Note: Cognitive GRC provides services mainly to regulated firms in Hong Kong that provide services to institutional and professional investors only. We work with a number of international service providers to deliver a global service for firms located here. The following topics are raised as part of regular updates we provide to our clients during the year to assist with business planning and should not be considered legal advice. Please contact your adviser in relation to any matters raised in this discussion and obtain legal advice where necessary
As the previous year came to an end, apart from reviewing business continuity, competency, finalising Electronic Data Service Providers (“EDSP”) notices, dealing with updates on anti-money laundering guidance and climate, we have been helping some of our clients through routine regulatory inspections during the year.
It would appear that the regulator continues to be relatively inquisitive and into the weeds on issues around client onboarding, investment decision making record keeping and anti-money laundering controls, challenging what might of previously been considered acceptable standards.
Regulators are constantly enhancing expectations each year and therefore even where firms have been through inspections before, it is worth considering the advancement of expectations year on year.
Regulatory Updates and Enforcement
Our summer summary and deeper dive was not published that long ago (it seems) and we do not have much to update from that. We have provided detail and documentation to clients on competency standards, banking control and basic climate risk controls. The SFC has been busy working on digital assets, green finance initiatives, and market issues but there was not many relevant issues that came up other those items that had not been previously been raised before.
We incorporated many of things that we learned from enforcement in 2021 into our annual training and rasied some changes to standard poliyc and procedures but they were very technical points. There were definitely some useful cases from home and abroad to inform our approaches to specific matters which we will raise later this year.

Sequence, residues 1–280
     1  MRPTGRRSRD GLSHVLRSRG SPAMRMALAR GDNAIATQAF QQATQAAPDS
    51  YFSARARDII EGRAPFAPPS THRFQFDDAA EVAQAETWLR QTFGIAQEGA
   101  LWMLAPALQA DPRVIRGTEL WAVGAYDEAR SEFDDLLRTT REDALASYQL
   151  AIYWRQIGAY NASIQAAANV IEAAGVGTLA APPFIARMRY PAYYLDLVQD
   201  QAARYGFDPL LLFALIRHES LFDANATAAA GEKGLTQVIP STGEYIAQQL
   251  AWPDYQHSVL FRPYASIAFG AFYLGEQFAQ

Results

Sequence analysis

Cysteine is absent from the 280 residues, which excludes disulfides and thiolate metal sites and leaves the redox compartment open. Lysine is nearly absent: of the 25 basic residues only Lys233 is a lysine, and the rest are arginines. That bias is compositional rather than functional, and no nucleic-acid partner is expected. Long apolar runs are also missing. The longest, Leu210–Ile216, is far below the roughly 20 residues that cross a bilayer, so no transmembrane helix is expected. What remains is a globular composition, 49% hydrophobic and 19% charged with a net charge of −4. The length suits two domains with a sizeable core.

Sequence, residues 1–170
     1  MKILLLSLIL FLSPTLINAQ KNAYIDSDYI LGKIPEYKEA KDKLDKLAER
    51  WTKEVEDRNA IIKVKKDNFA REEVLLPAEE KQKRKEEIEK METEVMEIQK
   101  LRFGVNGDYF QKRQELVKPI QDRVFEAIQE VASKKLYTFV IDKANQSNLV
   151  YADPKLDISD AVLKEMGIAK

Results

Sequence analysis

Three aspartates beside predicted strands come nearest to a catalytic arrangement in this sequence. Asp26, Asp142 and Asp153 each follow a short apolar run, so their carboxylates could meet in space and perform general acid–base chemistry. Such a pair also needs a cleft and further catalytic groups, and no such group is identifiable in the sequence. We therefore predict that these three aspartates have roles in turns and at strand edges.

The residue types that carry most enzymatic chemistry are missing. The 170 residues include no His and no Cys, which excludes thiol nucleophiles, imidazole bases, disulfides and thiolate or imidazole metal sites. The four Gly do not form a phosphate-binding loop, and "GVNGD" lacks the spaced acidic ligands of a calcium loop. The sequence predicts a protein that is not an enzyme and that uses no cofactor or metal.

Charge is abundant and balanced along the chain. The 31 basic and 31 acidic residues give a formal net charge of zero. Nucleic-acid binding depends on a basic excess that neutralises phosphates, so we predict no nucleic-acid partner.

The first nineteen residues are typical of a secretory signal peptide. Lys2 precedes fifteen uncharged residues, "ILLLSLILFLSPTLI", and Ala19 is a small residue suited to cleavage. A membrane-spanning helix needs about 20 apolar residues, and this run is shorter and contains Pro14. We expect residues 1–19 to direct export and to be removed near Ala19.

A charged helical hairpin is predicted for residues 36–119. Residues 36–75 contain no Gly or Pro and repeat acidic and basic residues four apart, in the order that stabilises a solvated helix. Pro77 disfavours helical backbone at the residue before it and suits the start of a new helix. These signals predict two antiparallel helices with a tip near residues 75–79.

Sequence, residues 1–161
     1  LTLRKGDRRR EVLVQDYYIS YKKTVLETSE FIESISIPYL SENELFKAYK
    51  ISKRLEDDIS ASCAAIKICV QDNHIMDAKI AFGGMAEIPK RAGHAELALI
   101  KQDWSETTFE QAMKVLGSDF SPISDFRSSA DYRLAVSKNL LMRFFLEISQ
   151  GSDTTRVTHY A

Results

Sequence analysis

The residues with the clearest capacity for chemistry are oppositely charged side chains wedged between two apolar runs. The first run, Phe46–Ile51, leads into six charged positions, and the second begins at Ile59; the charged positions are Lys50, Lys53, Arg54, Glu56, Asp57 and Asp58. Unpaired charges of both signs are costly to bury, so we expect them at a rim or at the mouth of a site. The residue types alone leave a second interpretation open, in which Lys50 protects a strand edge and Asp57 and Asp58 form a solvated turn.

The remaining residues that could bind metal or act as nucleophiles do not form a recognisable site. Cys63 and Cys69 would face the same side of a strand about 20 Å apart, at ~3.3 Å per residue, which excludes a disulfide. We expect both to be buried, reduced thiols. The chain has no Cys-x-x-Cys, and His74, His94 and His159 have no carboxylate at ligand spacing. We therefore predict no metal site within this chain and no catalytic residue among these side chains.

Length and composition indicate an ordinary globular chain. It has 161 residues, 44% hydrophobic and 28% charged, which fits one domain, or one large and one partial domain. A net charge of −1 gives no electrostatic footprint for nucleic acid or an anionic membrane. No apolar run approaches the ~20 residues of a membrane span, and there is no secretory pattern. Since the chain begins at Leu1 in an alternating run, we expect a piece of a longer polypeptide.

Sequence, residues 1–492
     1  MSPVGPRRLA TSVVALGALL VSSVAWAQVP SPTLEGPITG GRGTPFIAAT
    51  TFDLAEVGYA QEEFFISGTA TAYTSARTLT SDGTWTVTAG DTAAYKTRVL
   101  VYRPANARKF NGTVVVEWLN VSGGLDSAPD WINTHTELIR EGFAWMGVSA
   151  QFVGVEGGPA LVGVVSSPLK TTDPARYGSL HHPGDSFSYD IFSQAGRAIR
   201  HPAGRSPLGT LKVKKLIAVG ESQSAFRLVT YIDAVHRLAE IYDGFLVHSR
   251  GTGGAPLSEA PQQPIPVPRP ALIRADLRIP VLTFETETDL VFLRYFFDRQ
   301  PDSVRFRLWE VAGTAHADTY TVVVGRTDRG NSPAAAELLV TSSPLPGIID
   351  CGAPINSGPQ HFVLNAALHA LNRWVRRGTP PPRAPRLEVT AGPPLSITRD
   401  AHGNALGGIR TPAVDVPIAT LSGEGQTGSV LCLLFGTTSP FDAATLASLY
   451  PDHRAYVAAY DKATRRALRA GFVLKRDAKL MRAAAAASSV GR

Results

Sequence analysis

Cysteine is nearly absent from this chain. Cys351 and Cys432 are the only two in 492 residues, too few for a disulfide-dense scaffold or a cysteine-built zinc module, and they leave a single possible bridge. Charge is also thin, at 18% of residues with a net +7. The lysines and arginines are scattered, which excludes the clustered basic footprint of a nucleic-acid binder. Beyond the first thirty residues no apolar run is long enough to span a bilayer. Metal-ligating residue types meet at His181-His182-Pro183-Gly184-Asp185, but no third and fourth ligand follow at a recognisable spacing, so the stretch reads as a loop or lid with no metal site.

New Year Planning
Please find some key forecasts/things to be mindful as we enter the year of Tiger and say goodbye to the year of the Ox;
SFC relevant matters
Financial Reporting Returns (“FRR”)- For those firms with monthly obligations, the new FRR commences from February 21st. Please fund a summary of key changes prepared by our old FRR team in the UK prior to year-end. In addition to some teething issues we have experienced with Wings, pleas also note that there will be a functionality change that will mean a different process to verify the submissions from February on. We thank Wheelhouse for their continuing support on FRR matters, in particular, for our US and UK located clients.
Surveys currently out for review
1. Joint Product Survey (Type 1 and 4 Firms)
All LCs and RIs licensed or registered for Type 1 or Type 4 regulated activity should submit the completed questionnaires to the SFC electronically through their Wings Portal by the due dates set out below. The survey covers the reporting period from 1 January to 31 December 2021. Note that if you do not sell any non-exchange traded investment products which include any collective investment schemes, debt securities, structured products, swaps and repos, only PART A will need to be completed.
2. Hong Kong Investor Identification Regime (“HKIDR”) and Reportable OTC (“ROTC”) Survey
This is a survey for Type 1 firms that put orders on exchange or arrange transactions in reportable OTCs.
However, if you not involved in putting orders into systems for exchange traded or over the counter reportable securities for your clients you only need to complete Part A with basic details. There will be requests to complete this survey in February (HKIDR) and May (ROTC). If you are late on any of these surveys, just get them in as soon as possible.
Closing Out 2021 and preparing for 2022– Preparing for your Business Risk Management Questionnaire (“BRMQ”)
The business risk management questionnaire has a number of questions relating to how you managed the prior year and firms are able to address some of those questions by ensuring that they have followed internal standards during the year. Some of the questions are more to do with the current status of your controls. You may remember that this questionnaire is already set up on the new Wings system and the questionnaire goes in at the same time as your annual statutory audit.
If not already done, firms should be focusing on finishing off 2021 governance documents (MLRO risk review, Valuation Reviews, Annual Risk and Governance Reviews, Manager in Charge reviews, Bad Actor/Disciplinary Questions, Policy updates/Sign Off etc) and if not already completed in the last 12 months may be considering an annual review of third-party service providers, business continuity and electronic data providers.
We are working on some changes to continuity and third-party review processes which we will be publishing soon. We are looking to combine and consolidate so that these tasks are more process oriented and take all aspects into account so that it can be a much tighter process without creating an industry for itself. This is part of a drive to simplify some of the complexity that has emerged in both operational resilience and third-party reviews because of enhanced expectations. This will help with annual risk reviews, which will help governance reviews, which will help with annual controls assessments that form part of requirement to do a self-review.